So I'm reading the catalog info on Sue Grafton's upcoming Kinsey Millhone book, T is for Trespass (December), and...holy moly. After 19 first-person Millhone novels, Grafton is switching to multiple narrators on this one...and the other narrator is going to be the killer.

Obviously Sue Grafton can do whatever she wants (I think a less successful writer who was still building his career would be told by his editor Oh, hell to the no), but this shift in POV raises some questions for me...

- Do you think people read Sue Grafton for Kinsey Millhone's voice more than the plot? If so, do you think they'll feel confused or disappointed? (Or am I making too much of this?)

- Could this be a shot in the arm for a venerable series? I don't mean any disrespect; Grafton's books are still terrific, but the age gap between the author and the character has come through in a few of her last books. They were no less enjoyable or well-plotted, but the narration just didn't sound like a tough thirtyish woman in the mid-1980s.

- Can you think of any other successful author who has pulled such a switch at this point in his or her career?

My theory: Grafton works so organically, making journals and throwing away so much work along the way, that she absolutely knew the story she wanted to tell...and realized she couldn't tell it with the framework she'd used in the past. And she had the chops and the publishing power to make a major change that's sure to be talked about. (Well, among people like us, at least.)

Anyway, I'd be interested to hear what some other folks thought.

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It happens all the time. Jan Burke did it in Bones - the first book where I encountered it. Robert Crais did it in L.A. Requiem. Both decided to use mixed first/third narration after long having a first person series narrative. In those two cases, it worked for me. It rarely does, and often seems like laziness (I can't figure out how to tell this story, but I want to use first person, so - ah, hell, who's gonna notice?) or a fashion trend (Crais did it, so I'd better get with the program), but everybody is doing it so I'd better just get used to it.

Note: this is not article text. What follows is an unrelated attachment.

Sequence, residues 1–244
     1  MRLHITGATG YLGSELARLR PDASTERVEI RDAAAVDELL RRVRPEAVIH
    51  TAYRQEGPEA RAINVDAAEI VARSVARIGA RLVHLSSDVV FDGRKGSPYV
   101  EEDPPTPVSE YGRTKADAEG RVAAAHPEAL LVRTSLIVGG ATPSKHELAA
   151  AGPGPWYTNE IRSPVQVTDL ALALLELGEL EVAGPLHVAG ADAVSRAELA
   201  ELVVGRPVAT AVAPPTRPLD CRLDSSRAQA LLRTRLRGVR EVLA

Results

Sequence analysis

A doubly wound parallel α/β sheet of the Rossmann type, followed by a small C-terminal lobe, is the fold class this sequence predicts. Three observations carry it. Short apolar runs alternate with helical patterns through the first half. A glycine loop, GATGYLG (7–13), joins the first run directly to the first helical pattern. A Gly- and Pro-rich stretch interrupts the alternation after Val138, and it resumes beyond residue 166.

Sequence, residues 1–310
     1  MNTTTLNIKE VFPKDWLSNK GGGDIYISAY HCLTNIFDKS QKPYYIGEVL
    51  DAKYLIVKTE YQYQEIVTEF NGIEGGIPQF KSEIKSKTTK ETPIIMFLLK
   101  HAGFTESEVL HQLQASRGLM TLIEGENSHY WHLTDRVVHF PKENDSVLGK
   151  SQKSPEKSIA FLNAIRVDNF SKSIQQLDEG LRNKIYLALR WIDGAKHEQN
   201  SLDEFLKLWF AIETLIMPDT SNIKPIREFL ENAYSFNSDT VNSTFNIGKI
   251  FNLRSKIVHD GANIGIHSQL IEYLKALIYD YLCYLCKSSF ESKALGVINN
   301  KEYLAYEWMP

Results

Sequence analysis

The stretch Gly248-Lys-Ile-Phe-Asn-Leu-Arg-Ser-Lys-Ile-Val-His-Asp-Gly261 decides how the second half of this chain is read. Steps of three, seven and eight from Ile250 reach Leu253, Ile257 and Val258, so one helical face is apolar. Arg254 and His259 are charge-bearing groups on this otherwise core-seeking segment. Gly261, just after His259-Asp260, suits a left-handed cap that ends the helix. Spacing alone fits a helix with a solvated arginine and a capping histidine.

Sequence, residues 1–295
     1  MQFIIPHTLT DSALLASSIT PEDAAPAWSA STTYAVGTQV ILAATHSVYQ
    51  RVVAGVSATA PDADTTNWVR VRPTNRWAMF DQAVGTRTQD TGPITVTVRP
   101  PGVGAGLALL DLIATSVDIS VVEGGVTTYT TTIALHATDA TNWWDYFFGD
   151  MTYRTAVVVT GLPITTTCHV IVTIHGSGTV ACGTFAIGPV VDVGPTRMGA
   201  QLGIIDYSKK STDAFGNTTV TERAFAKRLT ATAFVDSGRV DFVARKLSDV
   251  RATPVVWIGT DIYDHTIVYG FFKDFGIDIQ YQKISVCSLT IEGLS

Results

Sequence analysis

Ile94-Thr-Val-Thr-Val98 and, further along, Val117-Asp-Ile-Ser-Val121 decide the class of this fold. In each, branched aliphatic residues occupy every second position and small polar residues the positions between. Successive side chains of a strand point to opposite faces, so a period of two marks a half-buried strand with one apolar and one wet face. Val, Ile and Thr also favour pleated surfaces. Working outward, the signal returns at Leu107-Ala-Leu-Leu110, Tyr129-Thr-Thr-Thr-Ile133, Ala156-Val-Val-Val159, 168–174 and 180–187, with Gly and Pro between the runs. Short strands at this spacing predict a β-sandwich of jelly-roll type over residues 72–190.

It's not only should an authors change to multiple points of view when they have been successful with the first person or third person tight point of view, but how well do they do it. For me, with Jan Burke and BONES, it worked. L.A. REQUIEM was my first Robert Crais, and so far, has been my last. I did not like the way he handled the multiple points of view. I didn't care to go back into the past of some of the characters. But saying that, I think the Craise fans loved it because it gave them a chance to learn more about some of their favorite characters.

Writers must make their own choices but recognize that with choices there are consequences. Sometimes, the consequence leads to a wider readership as in the case of Dennis Lehane in MYSTIC RIVER, which, I understand his agent and/or editors did not want him to do.

The question is not "should they," but "how well will they do it, and what are the consquences?"
The question is not "should they," but "how well will they do it, and what are the consquences?"

You're right. Well put.

I'm willing to go along with an author whom I like on the theory that he/she knows best...but it still feels like sitting down with an old friend who's undergone an unfamiliar metamorphosis.
You're right; I forgot about Crais. And that was my least favorite Crais book, too.
Will this really revitalize a series that has become too stale to stomach? Or is even the author becoming bored?
Will this really revitalize a series that has become too stale to stomach? Or is even the author becoming bored?

I'm not necessarily disagreeing with you, but I'm wondering what you find stale about Grafton. I still think her method of using interested, descriptive observation that often hides important clues is...well, it wasn't completely original in the 1980s, but she showed how it could be done in a way that also revealed much more about her detective. I still admire her, but my beef is with each book's "check-ins" with her supporting cast (some of whom are too cute by half) and some of her language, which is a little bit AARP for a brash detective in her thirties.

Anyway, I'm curious about your 'stale' comment.
It's been a while since I read Grafton, but I essentially stopped because both characters and plots didn't seem to change or grow much. And by that time I was getting really tired of the girl detective reinventing the war against crime over and over again. She began a fine and imaginative series and never went any further than that.
Really, perhaps bestellerdom kills inventiveness. The publisher and the readers want her to follow the same recipe with every batch.
I've seen it done, and it's tricky. John Connolly has done it recently, and well. I haven;t read LA Requiem, but Crais also did it a bit at the end of Forgotten Man, and it worked quite well. I think switching points of view like that risks taking the reader out of the vivid fictional dream the author works so hard to create, but, if done well, can have benefits that are impossible to create in a straight first-person story.

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